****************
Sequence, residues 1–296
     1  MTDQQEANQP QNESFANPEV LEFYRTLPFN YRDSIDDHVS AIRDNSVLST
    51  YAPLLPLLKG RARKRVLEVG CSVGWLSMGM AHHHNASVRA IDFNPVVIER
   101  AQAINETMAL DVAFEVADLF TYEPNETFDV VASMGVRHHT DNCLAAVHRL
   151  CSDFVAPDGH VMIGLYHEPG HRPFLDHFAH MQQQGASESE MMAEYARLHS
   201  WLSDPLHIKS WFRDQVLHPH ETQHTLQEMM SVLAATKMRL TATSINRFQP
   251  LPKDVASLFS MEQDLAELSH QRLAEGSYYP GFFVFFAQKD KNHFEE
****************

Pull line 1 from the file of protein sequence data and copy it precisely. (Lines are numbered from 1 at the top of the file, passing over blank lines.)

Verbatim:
Sequence, residues 1–296